The 411 on CMBS

Amy Campbell, Senior Editor

January 16, 2008

3 Min Read
The 411 on CMBS

Every think about money, honey? Sure you do! We all do: How much do we have? How much do we need? Where can we get more? What happened to the amount we had?

Business owners think about it twice as much (or more). And with the shifts that have been taking place in the finance market over the past year, it's no wonder. Just try being a new storage developer or owner these days. You can still get funding, but the hoops you have to jump through are changed.

I just received a newsletter from Buchanan Storage Capital, in which the company shares news about its transactions and events, highlights key finance rates, and comments on industry trends. Today's mailing included a message from BSC's new vice president of business development, Tim Casey, regarding the current CMBS market. This has been hot topic in self-storage finance circles in recent months, so I'd like to share Tim's note here. It's a summary of insights shared at the recent CMSA Investor Conference.


On January 7, 1,400 professionals within the commercial mortgage industry gathered in Miami Beach for the semi-annual Commercial Mortgage Securities Association (CMSA) Investor Conference to discuss the current state of the Commercial Mortgage Backed Securities (CMBS) market. The theme of the conference was: Shaken or Stirred, Reactions to Increased Volatility. One of the general conclusions was that it is time to batten down the hatches; things are going to continue to shake and stir.The following is a summary of general comments:
Fear is outweighing Greed: Some investors are backing away from buying CMBS securities so lenders are cutting back on their loan originations. Major conduits were asked about their last six months of volume with some lenders who had been generating close to a $1 Billion per month admitting that their last six months of volume ranged from $0 to $100 Million per month.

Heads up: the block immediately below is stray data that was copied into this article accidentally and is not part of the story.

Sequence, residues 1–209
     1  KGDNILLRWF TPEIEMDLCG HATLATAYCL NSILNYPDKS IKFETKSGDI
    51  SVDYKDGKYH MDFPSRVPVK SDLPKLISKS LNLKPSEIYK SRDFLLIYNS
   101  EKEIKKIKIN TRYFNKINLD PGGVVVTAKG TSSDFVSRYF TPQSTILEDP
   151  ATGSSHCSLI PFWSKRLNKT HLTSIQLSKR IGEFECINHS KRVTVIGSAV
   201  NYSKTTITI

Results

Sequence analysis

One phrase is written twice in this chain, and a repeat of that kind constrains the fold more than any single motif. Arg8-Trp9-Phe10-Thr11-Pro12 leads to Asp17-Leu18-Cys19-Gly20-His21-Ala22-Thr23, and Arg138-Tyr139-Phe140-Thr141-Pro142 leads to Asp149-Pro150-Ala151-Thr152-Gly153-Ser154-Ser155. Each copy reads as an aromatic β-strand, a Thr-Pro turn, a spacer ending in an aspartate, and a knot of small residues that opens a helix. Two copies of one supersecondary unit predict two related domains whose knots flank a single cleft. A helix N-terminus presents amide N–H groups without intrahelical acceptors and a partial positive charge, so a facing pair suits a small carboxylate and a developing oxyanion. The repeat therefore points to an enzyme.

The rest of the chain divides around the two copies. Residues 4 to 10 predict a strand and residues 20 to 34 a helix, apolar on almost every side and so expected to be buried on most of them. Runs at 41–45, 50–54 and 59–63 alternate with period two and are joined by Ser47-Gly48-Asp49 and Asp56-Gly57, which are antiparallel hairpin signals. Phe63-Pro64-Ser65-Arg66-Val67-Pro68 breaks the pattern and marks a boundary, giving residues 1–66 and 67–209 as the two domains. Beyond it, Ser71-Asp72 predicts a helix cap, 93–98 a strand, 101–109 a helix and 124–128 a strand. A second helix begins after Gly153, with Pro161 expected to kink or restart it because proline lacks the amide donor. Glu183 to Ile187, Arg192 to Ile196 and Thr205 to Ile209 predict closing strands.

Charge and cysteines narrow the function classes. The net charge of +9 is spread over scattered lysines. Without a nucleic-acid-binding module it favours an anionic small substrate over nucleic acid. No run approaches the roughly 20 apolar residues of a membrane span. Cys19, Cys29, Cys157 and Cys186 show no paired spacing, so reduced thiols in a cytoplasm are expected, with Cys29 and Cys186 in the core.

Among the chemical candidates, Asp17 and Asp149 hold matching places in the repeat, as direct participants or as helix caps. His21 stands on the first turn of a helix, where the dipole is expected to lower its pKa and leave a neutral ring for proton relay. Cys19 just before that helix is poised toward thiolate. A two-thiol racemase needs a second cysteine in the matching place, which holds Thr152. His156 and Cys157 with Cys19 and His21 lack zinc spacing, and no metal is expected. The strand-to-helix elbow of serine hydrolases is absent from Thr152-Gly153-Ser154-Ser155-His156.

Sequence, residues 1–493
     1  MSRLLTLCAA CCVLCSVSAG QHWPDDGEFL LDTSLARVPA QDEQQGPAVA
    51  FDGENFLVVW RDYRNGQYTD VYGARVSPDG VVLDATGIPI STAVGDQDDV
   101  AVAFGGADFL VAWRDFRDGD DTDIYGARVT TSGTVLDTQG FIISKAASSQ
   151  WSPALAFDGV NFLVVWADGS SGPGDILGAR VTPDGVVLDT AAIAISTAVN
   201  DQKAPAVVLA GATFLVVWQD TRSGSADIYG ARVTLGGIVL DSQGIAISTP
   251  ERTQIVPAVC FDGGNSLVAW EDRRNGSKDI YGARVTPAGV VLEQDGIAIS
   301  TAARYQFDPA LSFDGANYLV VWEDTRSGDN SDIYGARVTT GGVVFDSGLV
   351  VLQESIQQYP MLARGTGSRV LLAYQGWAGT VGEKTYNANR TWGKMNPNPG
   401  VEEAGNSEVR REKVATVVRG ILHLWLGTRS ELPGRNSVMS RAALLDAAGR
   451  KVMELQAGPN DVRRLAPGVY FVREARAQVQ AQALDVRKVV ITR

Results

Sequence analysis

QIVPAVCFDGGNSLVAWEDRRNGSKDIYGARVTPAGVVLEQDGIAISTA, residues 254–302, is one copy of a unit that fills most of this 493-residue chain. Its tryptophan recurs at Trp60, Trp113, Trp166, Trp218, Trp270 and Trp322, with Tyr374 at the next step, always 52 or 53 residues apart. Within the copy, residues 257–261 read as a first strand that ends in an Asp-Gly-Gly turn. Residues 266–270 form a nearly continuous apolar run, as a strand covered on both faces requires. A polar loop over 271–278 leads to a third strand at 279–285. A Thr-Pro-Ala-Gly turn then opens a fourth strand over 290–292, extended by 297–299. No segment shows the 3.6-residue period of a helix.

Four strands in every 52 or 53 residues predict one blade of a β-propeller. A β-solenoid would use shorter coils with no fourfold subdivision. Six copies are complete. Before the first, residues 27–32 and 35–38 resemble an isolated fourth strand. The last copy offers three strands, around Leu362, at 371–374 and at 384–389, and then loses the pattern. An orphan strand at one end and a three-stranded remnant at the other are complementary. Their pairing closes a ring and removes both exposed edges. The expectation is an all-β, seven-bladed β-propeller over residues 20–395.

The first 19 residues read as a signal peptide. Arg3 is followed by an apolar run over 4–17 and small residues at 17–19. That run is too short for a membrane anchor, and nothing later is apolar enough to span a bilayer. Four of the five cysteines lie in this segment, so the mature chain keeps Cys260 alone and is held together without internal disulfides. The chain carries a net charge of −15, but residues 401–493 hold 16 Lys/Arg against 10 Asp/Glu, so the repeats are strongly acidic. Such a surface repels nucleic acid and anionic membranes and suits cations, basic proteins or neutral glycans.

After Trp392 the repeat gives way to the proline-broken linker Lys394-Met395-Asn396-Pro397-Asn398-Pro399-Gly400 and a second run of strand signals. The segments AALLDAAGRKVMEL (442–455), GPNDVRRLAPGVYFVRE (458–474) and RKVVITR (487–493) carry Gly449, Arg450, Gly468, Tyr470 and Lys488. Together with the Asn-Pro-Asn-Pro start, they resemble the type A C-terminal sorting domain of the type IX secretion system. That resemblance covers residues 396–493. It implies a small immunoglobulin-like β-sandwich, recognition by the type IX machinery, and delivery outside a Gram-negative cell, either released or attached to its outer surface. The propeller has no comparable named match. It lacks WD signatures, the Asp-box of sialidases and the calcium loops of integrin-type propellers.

Domino effect: Some predicted that 2008 CMBS volume will be 50% of 2007 due to new underwriting standards and lower LTVs which are preventing acquisition deals from getting to the finish line. Due to the bid/ask spread many sellers are not selling and buyers are not buying. Rollover of 1998 deals may also be greatly reduced because 30% of the CMBS market has been defeased.
Revenge of the Nerds: Life Companies are becoming more active. Underwriting is actually coming back to where Life Companies have always tried to be. While the Life Companies are jumping in they may never make up the void being left by CMBS.
Silver Lining: If not for overall stabilized market fundamentals within commercial real estate (i.e., supply/demand, vacancy/occupancy, rent growth, etc.) the industry would be in real turmoil.


If you'd like to read more about the CMBS market or other pressing finance issues pertaining to self-storage, check out these recently published articles in the ISS online archive:

You can also attend David Smyle's (Benchmark Financial) seminar on "The Sub-Prime Loan Markets and Commercial/Conduit Financing" at the Inside Self-Storage Expo in Las Vegas. That's coming up in just a couple of weeks (Feb. 5-8), and David's session is part of the educational lineup included in our basic registration package. We're also featuring a seminar titled "The Dynamic Influence of Wall Street and the Finance Market on Self-Storage," presented by Neal Gussis, Shawn Hill and Devin Huber of Beacon Realty Capital.

Are there any new storage owners out there who can share insights about getting storage financing from their experience with a recent transaction? If you've got a related comment, please do post it in response to this blog.

About the Author(s)

Amy Campbell

Senior Editor, Inside Self Storage

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